In 1476, a significant book called Kundaikan Socho-ki was written by Noami. This book featured descriptions, drawings, and ink paintings of tea utensils. Noami served as an adviser to the Ashikaga Shogunate, collecting Chinese paintings and other art objects for the Shogunate. He was also a renowned Japanese painter, a renga poet, and an expert in the ways of the Japanese tea ceremony.
In 1502, Murata Shuko, one of the co-founders of the Japanese tea ceremony known as “the way of tea,” passed away.
In 1533, Matsuya Hisamasa began keeping a record called the “Record of Tea Gatherings.” Hisamasa frequently visited Kyoto, Sakai, and other cities to attend tea ceremonies for inspection.
In 1548, Tsuda Sotatsu started writing a diary of tea gatherings known as the Tennōjiya kaiki. This record was compiled by three generations of the Tennōjiya mercantile house. Hisamasa was one of the three merchant-class tea masters in Sakai entrusted with organizing chanoyu (Japanese tea ceremony) for Oda Nobunaga, who favored their prosperous business house.
Takeno Joo, master of the Japanese tea ceremony and Sen Rikyu’s teacher, passed away in 1555.
In 1585, Toyotomi Hideyoshi was promoted to the position of chief advisor to Emperor Ōgimachi, the penultimate emperor of the Muromachi period. Hideyoshi hosted a tea ceremony gathering at a small palace within the Imperial Palace.
Also in 1585, Sen Rikyu received the title “Koji,” a Buddhist lay name, from Emperor Ōgimachi.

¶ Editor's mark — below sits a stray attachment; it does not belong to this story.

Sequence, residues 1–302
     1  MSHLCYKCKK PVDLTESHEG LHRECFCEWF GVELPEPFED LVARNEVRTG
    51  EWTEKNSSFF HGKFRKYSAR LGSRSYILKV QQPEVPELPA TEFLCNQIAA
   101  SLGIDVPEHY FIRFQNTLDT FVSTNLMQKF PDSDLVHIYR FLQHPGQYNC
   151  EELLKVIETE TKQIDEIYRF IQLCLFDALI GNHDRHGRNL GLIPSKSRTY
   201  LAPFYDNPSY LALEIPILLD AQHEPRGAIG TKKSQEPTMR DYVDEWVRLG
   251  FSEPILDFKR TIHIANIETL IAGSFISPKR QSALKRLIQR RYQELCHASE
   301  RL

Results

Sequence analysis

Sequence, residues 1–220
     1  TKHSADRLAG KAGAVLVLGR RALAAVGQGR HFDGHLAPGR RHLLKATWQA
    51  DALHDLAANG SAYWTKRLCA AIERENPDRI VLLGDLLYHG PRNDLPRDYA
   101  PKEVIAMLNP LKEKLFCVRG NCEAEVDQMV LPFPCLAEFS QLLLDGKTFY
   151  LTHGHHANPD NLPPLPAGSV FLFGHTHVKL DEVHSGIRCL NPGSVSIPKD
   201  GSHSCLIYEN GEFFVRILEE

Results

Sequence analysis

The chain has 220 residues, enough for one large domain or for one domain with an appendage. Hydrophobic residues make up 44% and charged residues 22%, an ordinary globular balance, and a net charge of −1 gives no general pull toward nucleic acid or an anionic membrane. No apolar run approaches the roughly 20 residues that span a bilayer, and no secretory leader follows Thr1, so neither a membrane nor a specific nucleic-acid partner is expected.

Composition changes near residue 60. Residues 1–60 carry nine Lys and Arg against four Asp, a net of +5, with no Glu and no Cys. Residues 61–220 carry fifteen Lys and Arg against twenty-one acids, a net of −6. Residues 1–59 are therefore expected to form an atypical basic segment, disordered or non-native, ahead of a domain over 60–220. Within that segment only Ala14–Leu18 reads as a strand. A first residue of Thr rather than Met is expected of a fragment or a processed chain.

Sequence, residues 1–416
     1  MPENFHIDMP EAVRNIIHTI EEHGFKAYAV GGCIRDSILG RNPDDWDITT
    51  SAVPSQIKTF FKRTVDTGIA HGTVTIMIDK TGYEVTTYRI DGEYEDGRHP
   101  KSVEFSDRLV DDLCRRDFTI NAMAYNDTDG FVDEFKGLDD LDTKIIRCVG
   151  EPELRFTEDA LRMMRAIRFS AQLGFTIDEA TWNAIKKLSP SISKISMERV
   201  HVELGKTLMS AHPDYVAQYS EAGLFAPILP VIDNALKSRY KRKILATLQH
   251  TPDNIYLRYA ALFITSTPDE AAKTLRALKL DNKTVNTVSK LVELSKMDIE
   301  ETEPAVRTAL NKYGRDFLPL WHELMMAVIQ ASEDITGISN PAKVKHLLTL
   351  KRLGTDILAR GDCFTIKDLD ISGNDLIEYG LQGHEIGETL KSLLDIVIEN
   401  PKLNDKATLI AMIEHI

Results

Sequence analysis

In 1586, Toyotomi Hideyoshi performed a tea ceremony at the Imperial Palace using his portable gold tea pavilion.
In 1587, Toyotomi Hideyoshi completed building his grand palace, the Jurakadai, in Kyoto. The following year, the Great Tea Ceremony of Kitano was held, with Sen Rikyu Koji, Tsuda Sogyu, and Tsuda Sokyu as Sado (supervisors).
Also in 1588, Yamanoue Soji began writing The Record of Yamanoue Soji, which he completed in 1590.
In 1591, Sen no Rikyu Koji was forced to commit suicide by Toyotomi Hideyoshi, and his last words were written in a poem: “Welcome to thee, O sword of eternity! Through Buddha And through Daruma alike Thou hast cleft thy way.”
In 1612, Koho-an was constructed in the Daitokuji Temple by Kobori Enshu. It is an independent tea hut in the shoin style, built during Enshu’s later, more matured age.
Jo-an was constructed in the Kenninji temple by Oda Uraku in 1618.
The Katsura Imperial villa, which consists of a Shoin villa, a tea hut, and a beautiful landscape garden, was completed in 1625.
Construction of the Shugaku-in Imperial villa began in 1659.
In 1665, Katagiri Sekishu became the teacher of Tea to the Tokugawas.
Yamada Sohen wrote Sado Benmo Sho in 1680, and Kusumi Soan wrote Chawa Shigetsu Shu in 1700.
Matsudaira Fumai recorded all the famed tea ceremony utensils in existence in his book Kokon Meibutsu Ruiju, which was published in 1787 in eighteen volumes. In Seto-toki Ransho, published in 1811, Fumai wrote about the origins of Seto-ware.
In 1898, Tanaka Sensho founded the Dai Nihon Chado Gakkai, and in 1906, he published the book Chazen Ichimi.
The Book Of Tea, written by Okakura Kakuzo, was published in New York in 1906.